A charity is an organisation formed for charitable purposes only and must be of benefit to the public. It will have a charitable purpose in an area such as poverty, education, religion, health or saving of lives, community development, art, science, culture, heritage, amateur sport, human rights, conflict resolution, environmental protection, animal welfare or the promotion of equality or diversity.
The main document a charity needs to draw up upon formation is a governing document setting out the charity’s objectives and how it is to be administered. The charity must then decide whether it is to be a company or charitable incorporated organisation and file the necessary documents with the Charity Commission.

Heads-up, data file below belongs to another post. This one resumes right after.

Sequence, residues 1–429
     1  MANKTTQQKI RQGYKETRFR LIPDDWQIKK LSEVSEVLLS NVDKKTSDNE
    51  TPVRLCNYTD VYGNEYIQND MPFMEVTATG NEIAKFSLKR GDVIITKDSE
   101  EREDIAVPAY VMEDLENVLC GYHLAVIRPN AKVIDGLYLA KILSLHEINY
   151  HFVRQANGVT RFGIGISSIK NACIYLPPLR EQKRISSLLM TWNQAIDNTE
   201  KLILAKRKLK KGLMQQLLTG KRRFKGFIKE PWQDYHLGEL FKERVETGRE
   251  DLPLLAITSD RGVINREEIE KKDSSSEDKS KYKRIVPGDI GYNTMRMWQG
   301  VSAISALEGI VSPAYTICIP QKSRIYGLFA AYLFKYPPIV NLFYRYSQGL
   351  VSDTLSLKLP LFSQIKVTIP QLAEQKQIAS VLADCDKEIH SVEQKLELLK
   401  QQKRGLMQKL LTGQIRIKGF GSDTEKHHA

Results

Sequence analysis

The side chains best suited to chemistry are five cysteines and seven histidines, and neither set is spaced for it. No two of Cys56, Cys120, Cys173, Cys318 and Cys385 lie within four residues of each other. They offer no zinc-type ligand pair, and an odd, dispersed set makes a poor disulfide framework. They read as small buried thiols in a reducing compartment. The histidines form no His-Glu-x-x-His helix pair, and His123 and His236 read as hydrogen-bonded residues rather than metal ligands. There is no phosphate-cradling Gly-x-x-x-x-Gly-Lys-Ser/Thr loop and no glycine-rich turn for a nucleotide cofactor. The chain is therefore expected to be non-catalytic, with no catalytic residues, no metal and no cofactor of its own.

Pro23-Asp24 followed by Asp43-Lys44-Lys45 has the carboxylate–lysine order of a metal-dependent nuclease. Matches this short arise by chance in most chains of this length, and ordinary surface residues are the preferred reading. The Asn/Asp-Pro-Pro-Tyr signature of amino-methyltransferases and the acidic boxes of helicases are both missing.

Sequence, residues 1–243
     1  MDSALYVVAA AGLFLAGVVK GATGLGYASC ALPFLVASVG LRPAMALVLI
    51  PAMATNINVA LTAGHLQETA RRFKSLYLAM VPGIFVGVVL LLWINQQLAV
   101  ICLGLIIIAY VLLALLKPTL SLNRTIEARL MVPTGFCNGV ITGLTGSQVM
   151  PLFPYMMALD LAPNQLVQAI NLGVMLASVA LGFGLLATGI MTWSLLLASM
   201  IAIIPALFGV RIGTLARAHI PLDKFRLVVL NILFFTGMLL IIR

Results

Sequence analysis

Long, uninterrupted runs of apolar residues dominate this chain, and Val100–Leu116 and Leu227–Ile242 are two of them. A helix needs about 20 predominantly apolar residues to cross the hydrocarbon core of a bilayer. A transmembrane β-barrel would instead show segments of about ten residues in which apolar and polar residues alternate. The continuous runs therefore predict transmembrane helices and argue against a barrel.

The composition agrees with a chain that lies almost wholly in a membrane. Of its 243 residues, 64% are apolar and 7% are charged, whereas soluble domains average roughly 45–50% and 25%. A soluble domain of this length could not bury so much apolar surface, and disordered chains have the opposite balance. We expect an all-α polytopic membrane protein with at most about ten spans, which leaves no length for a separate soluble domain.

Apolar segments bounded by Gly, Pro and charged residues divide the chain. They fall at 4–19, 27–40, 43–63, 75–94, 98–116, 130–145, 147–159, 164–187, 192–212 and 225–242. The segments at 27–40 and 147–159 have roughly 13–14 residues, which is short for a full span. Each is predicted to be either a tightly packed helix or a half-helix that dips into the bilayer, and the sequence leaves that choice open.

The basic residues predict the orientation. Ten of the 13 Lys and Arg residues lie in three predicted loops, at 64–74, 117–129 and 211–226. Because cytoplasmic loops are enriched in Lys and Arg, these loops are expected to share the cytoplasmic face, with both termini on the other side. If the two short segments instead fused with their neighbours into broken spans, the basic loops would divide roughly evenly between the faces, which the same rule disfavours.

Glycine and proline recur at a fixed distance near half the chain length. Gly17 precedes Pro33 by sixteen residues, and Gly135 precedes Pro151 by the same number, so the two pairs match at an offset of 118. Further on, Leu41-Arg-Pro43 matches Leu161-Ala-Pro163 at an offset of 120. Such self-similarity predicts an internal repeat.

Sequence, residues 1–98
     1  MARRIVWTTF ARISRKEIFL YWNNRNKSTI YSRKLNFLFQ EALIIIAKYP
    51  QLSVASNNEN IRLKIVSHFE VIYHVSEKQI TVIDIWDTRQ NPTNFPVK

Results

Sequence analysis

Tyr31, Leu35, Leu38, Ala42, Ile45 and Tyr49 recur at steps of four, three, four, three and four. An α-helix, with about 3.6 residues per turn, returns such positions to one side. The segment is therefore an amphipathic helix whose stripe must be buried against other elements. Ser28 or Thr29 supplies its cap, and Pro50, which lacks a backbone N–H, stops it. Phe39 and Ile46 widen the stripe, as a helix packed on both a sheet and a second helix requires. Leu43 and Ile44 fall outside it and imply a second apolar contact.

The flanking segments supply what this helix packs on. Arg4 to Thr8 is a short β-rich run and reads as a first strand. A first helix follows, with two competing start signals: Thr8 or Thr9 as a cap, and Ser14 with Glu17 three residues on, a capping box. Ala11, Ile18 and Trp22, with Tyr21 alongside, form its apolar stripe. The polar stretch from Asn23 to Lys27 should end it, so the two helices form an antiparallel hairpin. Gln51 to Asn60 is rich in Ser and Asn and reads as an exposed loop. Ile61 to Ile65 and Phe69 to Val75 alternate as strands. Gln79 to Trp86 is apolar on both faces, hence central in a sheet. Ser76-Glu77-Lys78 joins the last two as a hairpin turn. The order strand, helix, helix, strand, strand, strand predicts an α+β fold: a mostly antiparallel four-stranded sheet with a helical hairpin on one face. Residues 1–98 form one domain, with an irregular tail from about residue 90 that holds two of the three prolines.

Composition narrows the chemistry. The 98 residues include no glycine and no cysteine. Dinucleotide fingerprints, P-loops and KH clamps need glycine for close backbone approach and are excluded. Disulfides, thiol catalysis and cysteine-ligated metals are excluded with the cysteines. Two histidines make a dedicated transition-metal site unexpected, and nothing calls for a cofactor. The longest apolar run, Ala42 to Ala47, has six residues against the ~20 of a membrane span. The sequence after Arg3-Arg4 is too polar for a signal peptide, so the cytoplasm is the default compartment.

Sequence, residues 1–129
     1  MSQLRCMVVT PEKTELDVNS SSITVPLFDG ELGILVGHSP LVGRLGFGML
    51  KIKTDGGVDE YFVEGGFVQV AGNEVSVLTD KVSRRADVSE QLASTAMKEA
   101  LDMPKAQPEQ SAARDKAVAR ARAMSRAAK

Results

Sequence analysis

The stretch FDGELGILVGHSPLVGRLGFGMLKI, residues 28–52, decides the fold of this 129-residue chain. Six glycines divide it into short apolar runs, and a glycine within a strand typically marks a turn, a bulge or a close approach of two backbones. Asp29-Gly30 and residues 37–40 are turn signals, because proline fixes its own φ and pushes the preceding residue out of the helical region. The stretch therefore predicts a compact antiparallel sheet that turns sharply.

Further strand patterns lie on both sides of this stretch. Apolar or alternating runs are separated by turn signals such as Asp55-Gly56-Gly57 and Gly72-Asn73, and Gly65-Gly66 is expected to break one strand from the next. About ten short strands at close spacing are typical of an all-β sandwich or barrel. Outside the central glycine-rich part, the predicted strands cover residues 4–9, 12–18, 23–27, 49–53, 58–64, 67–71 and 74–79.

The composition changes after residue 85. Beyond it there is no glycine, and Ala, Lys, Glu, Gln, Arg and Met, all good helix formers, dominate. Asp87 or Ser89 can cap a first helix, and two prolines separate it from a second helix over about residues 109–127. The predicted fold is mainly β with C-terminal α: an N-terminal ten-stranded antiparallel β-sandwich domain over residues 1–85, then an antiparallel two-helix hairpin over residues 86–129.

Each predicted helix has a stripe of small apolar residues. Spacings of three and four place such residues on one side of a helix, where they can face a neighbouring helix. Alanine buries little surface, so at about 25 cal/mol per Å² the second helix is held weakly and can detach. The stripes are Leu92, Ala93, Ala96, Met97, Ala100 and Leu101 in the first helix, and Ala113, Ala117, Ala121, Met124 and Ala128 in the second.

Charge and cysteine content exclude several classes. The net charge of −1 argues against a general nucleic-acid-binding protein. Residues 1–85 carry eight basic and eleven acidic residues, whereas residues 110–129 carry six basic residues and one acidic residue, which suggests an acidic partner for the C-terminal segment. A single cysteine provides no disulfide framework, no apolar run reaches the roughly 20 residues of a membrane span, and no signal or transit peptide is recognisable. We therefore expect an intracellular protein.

A charity constitution is a type of governing document. It should start by outlining the charity’s object, for example the need that exists and how the charity will aim to meet that need. It should specify those it intends to aid and the location it will work in. It should also address membership, voting and dissolution.
A charity’s constitution document should be signed by three of its key personnel and trustees, the chairperson, treasurer and secretary.
A charity is usually governed by a board of trustees. Their job is to ensure the charity is meeting its objectives, that is has a long-term strategy, that policies and actions are being pushed through to further its objectives, that legal requirements are being met, that problems are dealt with quickly and well and that it is held accountable.
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